o The anode (where oxidation occurs) is placed on the left side of the ||.

o The cathode (where reduction occurs) is placed on the right side of the ||.

A single vertical line (|) is used to separate different states of matter on the same
side, and a comma is used to separate like states of matter on the same side. For
example:
Fe2+(aq),Fe3+(aq)||Ag+(aq)|Ag(s)(1.8)

A voltaic cell works by the different reactivity of metal ions, and not require external battery
source.

The figure above shows a set of electrochemical half-cells that can be used to measure
various voltages within galvanic cells. The cells shown are made of agar saturated with KCl
solution so as to act as a salt bridge. The zinc electrode in the middle can be used as a
reference while the various concentrations of copper (labeled 1, 2, 3, 4 and 5) can be tested to
form a calibration curve. The potential of the unknown can be used to determine the
concentration of an unknown copper solution. This application of the Nernst equation allows
for rapid data collection without the need for a complicated salt bridge apparatus. (Image
taken at Hope College as part of their General Chemistry Lab curriculum).

Example 1.2

Write the cell diagram for this reaction:

Cu(s) + 2Ag+(aq) Cu2+(aq) + 2Ag(s)

SOLUTION

Cu(s) | Cu2+(aq) || Ag+(aq) | Ag(s)


Example 1.3

: Al-Sn Couple

Write cell reactions for this cell diagram:

Al(s)|Al3+(aq)||Sn2+(aq)|Sn(s)(1.9)

SOLUTION
Oxidation: {Al(s) Al3+(aq) +3e-} x 2

Reduction: {Sn2+(aq) +2e- Sn(s)} x 3

Net: 2Al(s) + 3Sn2+(aq) 2Al3+(aq) + 3Sn(s)

Cell Potential

The oxidation of Zn(s) into Zn2+ and the reduction of Cu2+ to Cu(s) occur spontaneously. In
other words, the redox reaction between Zn and Cu 2+ is spontaneous. This is due to
the difference in potential energy between the two substances. The difference in potential
energy between the anode and cathode dictates the direction of electronic movement.
Electrons move from areas of higher potential energy to areas of lower potential energy. In
this case, the anode has a higher potential energy; electrons therefore move from anode to
cathode. The potential difference between the two electrodes is measured in units of volts.
One volt (V) is the potential difference necessary to generate a charge of 1 coulomb (C) from
1 joule (J) of energy.

For a voltaic cell, this potential difference is called the cell potential (or EMF for
electromotive force, although it is not really a force), which is denoted Ecell. For a
spontaneous reaction, Ecell is positive and G (Gibbs free energy, used to determine if a
reaction occurs spontaneously) is negative. Thus, when G is negative the reaction is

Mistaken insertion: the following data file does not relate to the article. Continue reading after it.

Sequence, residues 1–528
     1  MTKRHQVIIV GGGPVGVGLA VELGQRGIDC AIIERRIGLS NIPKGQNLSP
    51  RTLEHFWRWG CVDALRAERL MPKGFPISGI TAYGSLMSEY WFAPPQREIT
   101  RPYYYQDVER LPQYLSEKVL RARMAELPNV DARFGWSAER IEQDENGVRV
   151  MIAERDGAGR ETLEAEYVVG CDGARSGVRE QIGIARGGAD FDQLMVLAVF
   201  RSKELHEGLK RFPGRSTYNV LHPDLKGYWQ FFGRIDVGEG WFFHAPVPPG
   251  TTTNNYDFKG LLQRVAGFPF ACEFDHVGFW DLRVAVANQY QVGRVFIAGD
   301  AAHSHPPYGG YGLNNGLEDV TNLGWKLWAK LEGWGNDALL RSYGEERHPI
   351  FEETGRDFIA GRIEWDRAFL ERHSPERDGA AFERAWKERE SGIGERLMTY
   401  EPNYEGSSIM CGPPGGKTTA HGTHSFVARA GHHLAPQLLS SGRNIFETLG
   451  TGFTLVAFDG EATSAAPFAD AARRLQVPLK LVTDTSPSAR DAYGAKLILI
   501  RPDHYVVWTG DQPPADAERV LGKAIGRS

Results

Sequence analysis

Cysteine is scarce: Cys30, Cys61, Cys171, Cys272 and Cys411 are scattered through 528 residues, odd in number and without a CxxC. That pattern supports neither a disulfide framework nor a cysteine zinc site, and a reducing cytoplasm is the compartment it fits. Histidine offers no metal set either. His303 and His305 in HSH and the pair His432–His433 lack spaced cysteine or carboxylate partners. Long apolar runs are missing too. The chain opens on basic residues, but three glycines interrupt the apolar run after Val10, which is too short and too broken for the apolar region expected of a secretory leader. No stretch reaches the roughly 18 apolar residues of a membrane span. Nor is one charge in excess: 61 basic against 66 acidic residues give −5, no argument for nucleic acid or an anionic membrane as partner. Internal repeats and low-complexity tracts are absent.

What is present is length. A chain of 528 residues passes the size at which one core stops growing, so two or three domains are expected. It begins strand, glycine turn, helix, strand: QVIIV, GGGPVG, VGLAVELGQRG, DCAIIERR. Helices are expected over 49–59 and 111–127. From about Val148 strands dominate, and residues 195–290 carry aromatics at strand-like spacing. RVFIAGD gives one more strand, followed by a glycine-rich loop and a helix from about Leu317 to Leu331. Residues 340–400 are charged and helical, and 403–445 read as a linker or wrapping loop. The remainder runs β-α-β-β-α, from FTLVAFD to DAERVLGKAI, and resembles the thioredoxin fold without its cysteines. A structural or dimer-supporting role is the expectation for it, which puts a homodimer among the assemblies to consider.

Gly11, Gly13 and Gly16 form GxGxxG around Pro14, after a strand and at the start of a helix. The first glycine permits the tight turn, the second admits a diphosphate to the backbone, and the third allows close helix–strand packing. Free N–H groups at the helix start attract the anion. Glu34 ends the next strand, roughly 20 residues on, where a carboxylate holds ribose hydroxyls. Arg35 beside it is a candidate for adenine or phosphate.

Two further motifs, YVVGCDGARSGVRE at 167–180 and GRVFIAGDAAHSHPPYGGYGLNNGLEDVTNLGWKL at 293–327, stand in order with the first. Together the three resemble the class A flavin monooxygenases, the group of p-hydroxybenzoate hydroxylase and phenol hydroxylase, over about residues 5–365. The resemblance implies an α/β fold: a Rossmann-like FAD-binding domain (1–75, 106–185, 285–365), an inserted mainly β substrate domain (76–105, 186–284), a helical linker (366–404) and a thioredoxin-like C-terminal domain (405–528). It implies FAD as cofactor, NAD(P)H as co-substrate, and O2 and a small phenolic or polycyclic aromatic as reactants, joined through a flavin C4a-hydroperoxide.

spontaneous. Merging electrochemistry with thermodynamics gives this formula:

G=nFEcell(1.10)
Cell potential is different for each voltaic cell; its value depends upon the concentrations of
specific reactants and products as well as temperature of the reaction. For standard cell
potential, temperature of the reaction is assumed to be 25o Celsius, the concentration of the
reactants and products is 1 M, and reaction occurs at 1 atm pressure. The standard cell
potential is denoted Eocell, and can be written as oxidation potential + reduction potential. For
voltaic cells:

Eocell=EocathodeEoAnode(1.11)

Example 1.4

Calculate Eocell for the following redox reaction under standard conditions:

2Al(s)+3Sn2+(aq)2Al3+(aq)+3Sn(s)(1.12)

Solution

Oxidation:{Al(s) Al3+(aq) +3e-} x 2 -Eo = +1.676V

Reduction:{Sn2+(aq) +2e- Sn(s)} x 3 Eo = -0.137V

Net:2Al(s) + 3Sn2+(aq) 2Al3+(aq) + 3Sn(s) Eocell = -0.137V - (-1.676V)

Eocell= +1.539 V.

Because the values of the standard potential are given in the form of standard reduction

potential for each half-reaction, to calculate the standard cell potential Eocell

, the substance is being oxidized must be identified; then the standard reduction potential of
the oxidation reaction is subtracted from the standard reduction potential of the reducing
reaction. For example:

Zn(s)+Cu2+(aq)Zn2+(aq)+Cu(s)(1.13)
Zn is being oxidized, and Cu is being reduced. The potentials for the two half reaction
are given in the reduction form:

Zn(s)Zn2+(aq)+e(1.14)

Cu2+(aq)+eCu(s)(1.15)

The cell potentials indicate which reaction takes place at the anode and which at the cathode.
The cathode has a more positive potential energy, and thus:

Cu is the cathode

Zn is the anode.